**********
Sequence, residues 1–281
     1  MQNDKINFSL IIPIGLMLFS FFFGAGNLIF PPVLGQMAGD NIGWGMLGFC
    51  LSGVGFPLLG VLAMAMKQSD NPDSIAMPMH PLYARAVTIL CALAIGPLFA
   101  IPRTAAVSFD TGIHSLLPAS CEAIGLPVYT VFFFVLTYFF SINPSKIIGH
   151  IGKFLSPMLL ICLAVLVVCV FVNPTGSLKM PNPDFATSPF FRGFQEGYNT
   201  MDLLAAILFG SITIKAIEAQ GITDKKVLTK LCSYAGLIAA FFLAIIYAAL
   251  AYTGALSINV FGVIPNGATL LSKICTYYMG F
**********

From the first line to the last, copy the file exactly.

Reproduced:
Sequence, residues 1–281
     1  MQNDKINFSL IIPIGLMLFS FFFGAGNLIF PPVLGQMAGD NIGWGMLGFC
    51  LSGVGFPLLG VLAMAMKQSD NPDSIAMPMH PLYARAVTIL CALAIGPLFA
   101  IPRTAAVSFD TGIHSLLPAS CEAIGLPVYT VFFFVLTYFF SINPSKIIGH
   151  IGKFLSPMLL ICLAVLVVCV FVNPTGSLKM PNPDFATSPF FRGFQEGYNT
   201  MDLLAAILFG SITIKAIEAQ GITDKKVLTK LCSYAGLIAA FFLAIIYAAL
   251  AYTGALSINV FGVIPNGATL LSKICTYYMG F